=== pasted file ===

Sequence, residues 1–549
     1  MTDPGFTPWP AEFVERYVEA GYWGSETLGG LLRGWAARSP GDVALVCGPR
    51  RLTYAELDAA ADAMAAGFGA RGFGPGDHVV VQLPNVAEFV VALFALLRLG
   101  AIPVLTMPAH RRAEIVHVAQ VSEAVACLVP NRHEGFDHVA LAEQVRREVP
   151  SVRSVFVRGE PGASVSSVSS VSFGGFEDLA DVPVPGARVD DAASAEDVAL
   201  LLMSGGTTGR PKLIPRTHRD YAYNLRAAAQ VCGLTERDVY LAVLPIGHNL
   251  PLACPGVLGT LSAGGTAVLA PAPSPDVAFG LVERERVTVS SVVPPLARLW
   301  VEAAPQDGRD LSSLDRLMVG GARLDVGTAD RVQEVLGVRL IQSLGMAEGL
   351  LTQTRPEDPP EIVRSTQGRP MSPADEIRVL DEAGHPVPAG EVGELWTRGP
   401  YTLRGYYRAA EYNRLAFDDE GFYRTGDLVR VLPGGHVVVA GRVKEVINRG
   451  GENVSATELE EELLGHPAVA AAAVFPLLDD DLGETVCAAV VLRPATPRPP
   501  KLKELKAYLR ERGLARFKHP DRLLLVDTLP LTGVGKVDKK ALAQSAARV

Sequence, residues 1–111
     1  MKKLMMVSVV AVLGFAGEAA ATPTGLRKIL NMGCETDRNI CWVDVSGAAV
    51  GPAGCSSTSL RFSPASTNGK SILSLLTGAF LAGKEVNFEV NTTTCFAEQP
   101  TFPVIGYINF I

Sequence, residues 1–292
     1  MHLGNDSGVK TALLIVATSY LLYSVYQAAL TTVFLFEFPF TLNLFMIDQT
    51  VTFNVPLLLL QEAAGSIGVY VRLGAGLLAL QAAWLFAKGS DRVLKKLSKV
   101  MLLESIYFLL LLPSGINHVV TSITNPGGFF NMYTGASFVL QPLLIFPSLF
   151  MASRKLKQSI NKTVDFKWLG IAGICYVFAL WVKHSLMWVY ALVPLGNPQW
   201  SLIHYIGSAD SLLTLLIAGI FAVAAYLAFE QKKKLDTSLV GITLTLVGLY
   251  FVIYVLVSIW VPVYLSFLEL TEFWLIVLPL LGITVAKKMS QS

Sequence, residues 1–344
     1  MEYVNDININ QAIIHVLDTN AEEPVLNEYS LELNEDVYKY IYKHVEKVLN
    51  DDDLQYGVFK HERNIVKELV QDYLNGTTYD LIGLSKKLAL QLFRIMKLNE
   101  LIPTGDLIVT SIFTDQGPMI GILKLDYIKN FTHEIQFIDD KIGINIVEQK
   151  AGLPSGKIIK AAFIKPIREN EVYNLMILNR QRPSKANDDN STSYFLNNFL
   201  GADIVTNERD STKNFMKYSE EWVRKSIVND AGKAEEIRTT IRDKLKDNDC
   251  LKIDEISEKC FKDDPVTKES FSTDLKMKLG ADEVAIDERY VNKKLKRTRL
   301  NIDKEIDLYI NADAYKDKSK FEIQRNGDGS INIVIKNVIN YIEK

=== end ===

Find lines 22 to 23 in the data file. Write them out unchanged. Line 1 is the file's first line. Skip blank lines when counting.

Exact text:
   201  SLIHYIGSAD SLLTLLIAGI FAVAAYLAFE QKKKLDTSLV GITLTLVGLY
   251  FVIYVLVSIW VPVYLSFLEL TEFWLIVLPL LGITVAKKMS QS